7 Classification of Stellar Spectra 16f (1)

7 Classification of Stellar Spectra 16f (1)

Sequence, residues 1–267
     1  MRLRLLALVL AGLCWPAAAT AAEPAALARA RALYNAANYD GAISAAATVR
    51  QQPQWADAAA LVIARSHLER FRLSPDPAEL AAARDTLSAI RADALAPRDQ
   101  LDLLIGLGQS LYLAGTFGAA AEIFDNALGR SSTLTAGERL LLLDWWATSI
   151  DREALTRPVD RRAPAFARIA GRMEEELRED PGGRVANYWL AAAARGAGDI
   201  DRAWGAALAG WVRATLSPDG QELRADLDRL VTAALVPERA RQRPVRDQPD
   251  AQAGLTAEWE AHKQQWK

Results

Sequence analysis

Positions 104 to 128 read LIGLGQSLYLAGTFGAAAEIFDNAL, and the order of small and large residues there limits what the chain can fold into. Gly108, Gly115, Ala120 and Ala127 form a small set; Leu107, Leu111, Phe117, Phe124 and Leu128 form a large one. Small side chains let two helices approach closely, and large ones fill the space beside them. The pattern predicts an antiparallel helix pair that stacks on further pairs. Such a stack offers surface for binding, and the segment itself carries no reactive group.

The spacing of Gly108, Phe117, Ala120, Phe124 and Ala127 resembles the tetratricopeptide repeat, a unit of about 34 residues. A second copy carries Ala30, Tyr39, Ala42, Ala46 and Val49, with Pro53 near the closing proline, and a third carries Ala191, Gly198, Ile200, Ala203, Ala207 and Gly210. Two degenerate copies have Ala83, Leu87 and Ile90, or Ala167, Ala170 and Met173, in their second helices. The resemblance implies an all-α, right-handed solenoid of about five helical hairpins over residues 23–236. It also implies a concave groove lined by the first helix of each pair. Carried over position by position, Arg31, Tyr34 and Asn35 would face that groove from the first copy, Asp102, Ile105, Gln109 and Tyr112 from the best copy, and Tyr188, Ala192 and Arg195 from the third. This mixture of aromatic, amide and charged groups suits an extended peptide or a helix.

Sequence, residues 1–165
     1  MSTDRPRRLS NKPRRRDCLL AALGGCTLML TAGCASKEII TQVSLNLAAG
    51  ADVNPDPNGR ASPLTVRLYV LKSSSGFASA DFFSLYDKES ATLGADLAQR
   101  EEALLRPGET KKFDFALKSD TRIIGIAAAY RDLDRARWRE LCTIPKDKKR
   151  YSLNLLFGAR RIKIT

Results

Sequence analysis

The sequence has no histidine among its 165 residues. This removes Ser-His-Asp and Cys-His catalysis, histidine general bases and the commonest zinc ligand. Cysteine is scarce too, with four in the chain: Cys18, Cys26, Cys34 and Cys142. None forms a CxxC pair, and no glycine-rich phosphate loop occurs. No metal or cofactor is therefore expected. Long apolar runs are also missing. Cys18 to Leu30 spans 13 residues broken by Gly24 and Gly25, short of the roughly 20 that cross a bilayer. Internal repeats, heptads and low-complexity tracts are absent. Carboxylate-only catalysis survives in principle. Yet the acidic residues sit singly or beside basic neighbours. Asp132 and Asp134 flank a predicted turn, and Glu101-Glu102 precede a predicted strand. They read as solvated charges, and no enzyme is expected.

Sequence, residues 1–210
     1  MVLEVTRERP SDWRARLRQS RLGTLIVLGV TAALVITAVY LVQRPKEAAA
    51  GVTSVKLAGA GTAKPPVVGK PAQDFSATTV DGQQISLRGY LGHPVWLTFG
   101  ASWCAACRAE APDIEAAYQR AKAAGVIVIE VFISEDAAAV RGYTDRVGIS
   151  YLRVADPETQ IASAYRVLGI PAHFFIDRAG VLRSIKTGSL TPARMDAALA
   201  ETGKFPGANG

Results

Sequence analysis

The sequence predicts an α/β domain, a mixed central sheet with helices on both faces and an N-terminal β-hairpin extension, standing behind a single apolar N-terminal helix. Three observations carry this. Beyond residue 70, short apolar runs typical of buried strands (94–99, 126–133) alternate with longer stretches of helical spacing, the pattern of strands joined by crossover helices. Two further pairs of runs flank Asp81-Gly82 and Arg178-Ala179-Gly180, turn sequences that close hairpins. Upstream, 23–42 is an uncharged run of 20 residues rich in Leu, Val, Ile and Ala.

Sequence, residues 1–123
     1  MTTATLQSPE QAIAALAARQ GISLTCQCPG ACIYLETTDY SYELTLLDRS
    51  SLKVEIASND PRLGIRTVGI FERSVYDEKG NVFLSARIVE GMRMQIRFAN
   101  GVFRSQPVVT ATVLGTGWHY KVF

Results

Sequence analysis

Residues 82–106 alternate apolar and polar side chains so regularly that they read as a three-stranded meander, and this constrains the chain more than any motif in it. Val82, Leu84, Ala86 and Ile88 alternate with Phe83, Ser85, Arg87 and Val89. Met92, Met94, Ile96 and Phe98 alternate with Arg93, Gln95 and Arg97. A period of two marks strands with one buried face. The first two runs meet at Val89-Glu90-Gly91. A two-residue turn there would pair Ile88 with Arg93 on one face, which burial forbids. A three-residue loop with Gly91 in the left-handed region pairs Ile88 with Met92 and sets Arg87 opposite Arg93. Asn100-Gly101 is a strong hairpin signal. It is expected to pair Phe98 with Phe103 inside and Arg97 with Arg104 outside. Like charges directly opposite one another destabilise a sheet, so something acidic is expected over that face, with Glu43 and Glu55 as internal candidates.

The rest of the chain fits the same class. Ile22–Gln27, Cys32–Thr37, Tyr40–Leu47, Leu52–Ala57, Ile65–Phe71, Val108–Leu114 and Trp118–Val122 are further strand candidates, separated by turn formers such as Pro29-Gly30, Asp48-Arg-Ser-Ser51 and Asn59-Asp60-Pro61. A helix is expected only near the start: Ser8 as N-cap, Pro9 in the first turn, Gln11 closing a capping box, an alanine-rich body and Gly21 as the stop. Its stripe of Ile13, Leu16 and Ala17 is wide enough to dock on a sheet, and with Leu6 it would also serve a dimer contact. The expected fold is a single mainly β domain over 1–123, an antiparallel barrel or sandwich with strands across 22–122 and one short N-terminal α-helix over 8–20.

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1 Astronomy 116 Lab 7 Classification of Stellar Spectra Revised 31 August 2015 Equipment PC computer with the CLEA program Spectral Classification (supplied) Objectives After doing this lab, you should be able to recognize the distinguishing characteristics of different spectral types of main-sequence stars, and assign spectral classifications with a precision of one tenth of a spectral type. You should also be able to understand the use of spectral classification in deriving the distances of stars, a process called spectroscopic parallax. Background: The History And Nature Of Spectral Classification When light passes through a prism, raindrops, ice crystals, or a grating, you often get a rainbow. This rainbow is a spectrum, where the different wavelengths of light get separated out. Close inspection of the sun’s spectrum reveals numerous dark lines, such that the spectrum looks somewhat like a colorful barcode. Patterns of these dark (absorption) lines were first observed in the spectrum of the sun early in the 1800s. Later in the century astronomers were able to routinely examine the spectra of stars in large numbers, and it was discovered that stellar spectra could be divided into groups by the general appearance of the spectra. In the various classification schemes they proposed, stars were grouped together by the prominence of certain spectral lines. In one scheme, for instance, stars with very strong hydrogen lines were called type I, stars with strong lines from metallic ions like iron and calcium were called type II, stars with wide bands of absorption that got darker toward the blue were called type III, and so on. Building upon this early work, astronomers at the Harvard Observatory refined the spectral types and renamed them with letters, A, B, C, etc. They also embarked on a massive project to classify spectra. This resulted in the Henry Draper Catalog , which was published between 1918 and 1924, and provided classifications of 225,300 stars. Even this study, however, represents only a tiny fraction of the stars in the sky. In the course of the Harvard classification study, some of the old spectral types were consolidated together, and the types were rearranged to reflect a steady change in the strengths of representative spectral lines. The order of the spectral classes became O, B, A, F, G, K, and M , and though the letter designations have no meaning other than that imposed on them by history, the names have stuck to this day. Each spectral class is divided into tenths, so that a B0 star follows an O9, and an A0, a B9, etc.
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